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How to Prune Your Hydrangea

How to prune all the different types of Hydrangeas.

Contributors: Ryan McGrath

You prize your hydrangeas for their beautiful flowers. You also want to make sure you prune them at the right time to encourage the stunning blooms every season. But do you wonder whether or when to prune them?

“The first step is to determine the variety of your hydrangea,” said Tim Wood, new product manager at Proven Winners ColorChoice. “This is fairly easy to do. If your plant produces big pink or blue flowers, it is a Hydrangea macrophylla. If its flowers are round and white—or pink in the case of the new Invincibelle Spirit—the plant is a Hydrangea arborescens. Finally, if the plant has large, conical flowers, which are often white but may also be green or pink, you own a Hydrangea paniculata.”

Bigleaf Hydrangeas

If you have Hydrangea macrophylla, also known as Bigleaf Hydrangea, Wood says you can relax. This plant requires little more than a trimming and only immediately after flowering. You should never prune it in winter or spring, because it sets flower buds the year before and if you shear it back, then you will cut off all of summer’s flowers.

Newer reblooming varieties such as the Let’s Dance® series from Proven Winners® ColorChoice® will also bloom on the current season’s growth, but you still want to leave the plant intact through spring so you can enjoy early summer flowers.

Smooth Hydrangeas

Hydrangea arborescens, also known as Smooth Hydrangea, are beloved for their adaptable nature and reliable blooms. You should prune it back in late winter or early spring. These hydrangeas bloom on “new wood”—the current season’s growth. Pruning them back at that time encourages new growth, which produces flowers. Spring pruning will also result in a fuller, stronger plant that’s less likely to flop under the weight of its abundant summer flowers. Cutting the stems back to one or two feet will leave a good framework to support the blooms.

Today, there are two new “Annabelle” Hydrangea arborescens with stronger stems, so they won’t flop after being established. Invincibelle® Spirit Hydrangea is the very first pink-flowered form of “Annabelle.” Invincibelle® Spirit continues to produce new pink flowers right up until frost, providing a beautiful display across several seasons in your garden, from mid-summer to fall. Incrediball® Hydrangea has the biggest flowers and the strongest stems of any of the “Annabelle” hydrangeas. Incrediball® produces incredibly large white blooms as big as a basketball.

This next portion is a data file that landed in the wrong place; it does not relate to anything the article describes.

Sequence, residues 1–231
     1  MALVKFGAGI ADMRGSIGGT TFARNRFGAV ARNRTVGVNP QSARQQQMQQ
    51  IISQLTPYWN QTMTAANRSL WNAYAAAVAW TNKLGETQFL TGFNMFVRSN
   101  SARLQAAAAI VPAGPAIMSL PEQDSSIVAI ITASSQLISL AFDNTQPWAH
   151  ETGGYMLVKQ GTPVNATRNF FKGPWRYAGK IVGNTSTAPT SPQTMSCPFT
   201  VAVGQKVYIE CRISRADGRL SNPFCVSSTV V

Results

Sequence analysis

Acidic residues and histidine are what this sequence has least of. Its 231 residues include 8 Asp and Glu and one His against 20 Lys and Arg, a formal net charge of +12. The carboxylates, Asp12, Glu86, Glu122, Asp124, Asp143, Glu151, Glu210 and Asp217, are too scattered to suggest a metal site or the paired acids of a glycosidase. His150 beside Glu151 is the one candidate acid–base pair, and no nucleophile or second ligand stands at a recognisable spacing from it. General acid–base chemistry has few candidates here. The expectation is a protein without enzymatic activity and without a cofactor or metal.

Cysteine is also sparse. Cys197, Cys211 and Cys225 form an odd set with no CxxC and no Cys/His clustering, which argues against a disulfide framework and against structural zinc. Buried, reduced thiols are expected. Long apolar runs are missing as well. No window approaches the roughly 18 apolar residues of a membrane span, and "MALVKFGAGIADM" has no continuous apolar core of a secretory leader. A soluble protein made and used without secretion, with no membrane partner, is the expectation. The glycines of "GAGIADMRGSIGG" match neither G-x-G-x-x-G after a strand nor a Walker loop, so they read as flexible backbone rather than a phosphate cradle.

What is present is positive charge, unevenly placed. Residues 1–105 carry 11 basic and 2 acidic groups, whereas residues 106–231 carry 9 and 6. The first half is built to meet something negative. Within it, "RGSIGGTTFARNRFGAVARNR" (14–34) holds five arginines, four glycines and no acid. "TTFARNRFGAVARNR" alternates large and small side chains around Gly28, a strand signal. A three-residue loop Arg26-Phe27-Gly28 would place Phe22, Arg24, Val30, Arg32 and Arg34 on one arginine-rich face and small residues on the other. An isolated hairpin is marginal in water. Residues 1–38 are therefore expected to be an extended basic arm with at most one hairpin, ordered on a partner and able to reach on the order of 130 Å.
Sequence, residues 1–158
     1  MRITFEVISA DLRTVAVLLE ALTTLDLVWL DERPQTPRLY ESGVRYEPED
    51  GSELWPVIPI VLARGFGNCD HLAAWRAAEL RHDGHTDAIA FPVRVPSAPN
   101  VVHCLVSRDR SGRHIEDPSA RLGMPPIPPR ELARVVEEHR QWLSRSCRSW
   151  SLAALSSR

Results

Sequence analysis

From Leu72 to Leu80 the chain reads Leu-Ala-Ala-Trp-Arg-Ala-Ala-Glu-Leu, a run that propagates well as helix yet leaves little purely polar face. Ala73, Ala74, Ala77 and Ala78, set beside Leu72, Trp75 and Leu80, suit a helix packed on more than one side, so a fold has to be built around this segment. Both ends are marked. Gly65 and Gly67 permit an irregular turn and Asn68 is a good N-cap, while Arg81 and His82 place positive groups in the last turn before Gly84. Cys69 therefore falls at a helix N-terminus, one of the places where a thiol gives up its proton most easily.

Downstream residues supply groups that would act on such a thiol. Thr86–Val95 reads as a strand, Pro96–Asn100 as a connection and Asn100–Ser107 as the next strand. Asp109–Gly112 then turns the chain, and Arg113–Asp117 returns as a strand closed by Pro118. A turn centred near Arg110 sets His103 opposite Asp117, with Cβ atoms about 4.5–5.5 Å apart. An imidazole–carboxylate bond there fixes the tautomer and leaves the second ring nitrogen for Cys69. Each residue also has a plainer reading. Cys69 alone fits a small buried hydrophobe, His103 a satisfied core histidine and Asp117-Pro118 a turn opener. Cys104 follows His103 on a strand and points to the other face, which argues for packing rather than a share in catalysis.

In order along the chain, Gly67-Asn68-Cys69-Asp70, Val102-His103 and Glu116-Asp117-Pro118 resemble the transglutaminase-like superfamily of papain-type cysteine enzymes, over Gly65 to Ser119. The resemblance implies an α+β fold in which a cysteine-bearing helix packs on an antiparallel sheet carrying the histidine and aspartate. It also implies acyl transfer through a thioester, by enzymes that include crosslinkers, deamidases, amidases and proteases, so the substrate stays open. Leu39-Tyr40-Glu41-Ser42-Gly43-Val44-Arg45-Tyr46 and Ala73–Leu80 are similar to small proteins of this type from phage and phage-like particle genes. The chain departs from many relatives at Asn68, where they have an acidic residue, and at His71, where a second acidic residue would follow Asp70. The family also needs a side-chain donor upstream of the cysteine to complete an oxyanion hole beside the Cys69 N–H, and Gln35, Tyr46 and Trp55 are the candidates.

Hardy Hydrangeas

Hydrangea paniculata, sometimes called Hardy Hydrangea, also blooms on new wood. You should prune it back in late winter or early spring. You can cut it back to the ground or, if you want slightly taller plants, cut it back to one to three feet. This is a great job for one of those early spring days when everything is still dormant but it’s so beautiful and warm you need to be in the garden.

A new variety of Hydrangea paniculata won’t require as much pruning to keep it smaller. The new Little Lime Hydrangea boasts the same colors and benefits of the famous 'Limelight' Hydrangea though only reaching three to five feet fully grown. At one-third the size of other hardy hydrangeas, it fits well into practically any landscape. Little Lime produces bright cone-shaped lime-green flowers, later turning into pink, from mid-summer to frost.

Fortunately, even if you make a mistake and prune at the wrong time of year, these plants will forgive you. You may not have flowers for a season but, with proper timing, you’ll see them the following year. Just remember to start by correctly identifying which kind of hydrangea you have. With just a little work, you’ll get beautiful flowers from your hydrangeas year after year.

For general information on pruning other types of flowering shrubs, click this link.

Incrediball® Hydrangea arborescens 'Abetwo' USPP20,571, CPBRAF; Invincibelle® Spirit Hydrangea arborescens 'NCHA1' USPP20,765, CCOPF; Little Lime Hydrangea paniculata 'Jane' USPPAF, Can. 3914; 'Limelight' Hydrangea paniculata USPP12,874, Can. 2319;

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Anonymous's picture
Anonymous Sat, 05/21/2016 - 7:19am

I bought a macrophylla at Easter time in March. The flowers are fading and it is only mid-May. Should I trim the dead flower or let it go on it's own. I do see lots of new leaves growing and don't want to harm the shrub.

Stacey Hirvela's picture
Stacey Hirvela Tue, 05/24/2016 - 10:58am

It's really up to you - some hydrangeas age gracefully, with the blooms turning to handsome colors, while others not so much. There's no harm in cutting off the flowers if you don't like the way they look - cut them off just above the set of leaves immediately below the bloom. There's no harm in leaving them, either.

Anonymous's picture
Anonymous Sat, 05/14/2016 - 10:01am

Hi. I read an article that recommends early-spring pruning paniculatas back to a total height above the ground of 12" ideally or 24" max. The author said that the plants would then send out arcing stems from the point. This sounds easier that what I've been doing, which is pruning each bloom back to healthy buds. What do you think?
I have a Little Lamb, several Little Limes (my all-time favourite plants!), and a Limelight.
My Limelight got damaged by a fallen tree and is very spindly. It's also in a pretty shady spot, zone 3a. I'm wondering if I should relocate it to a sunnier spot? It's planted on the north side of a tall fence.
Thank you!

Stacey Hirvela's picture
Stacey Hirvela Thu, 05/19/2016 - 10:17am

I would recommend you move your Limelight to a sunnier spot. It will recover faster and perform much better if it gets at least six hours of bright sun, ideally in the morning. Opinions about pruning panicle hydrangeas differ - you certainly can prune them that hard if you want, but in my experience, this deprives the plant of the chance to form a strong, supportive base. I prefer to cut the plants back by about one half to one third their total height in early spring. The plants should flower well in both cases, so I would recommend that you try the one-third method next year, then try the more severe method the following year. Take photos of the plants in bloom and compare them to see which effect you prefer!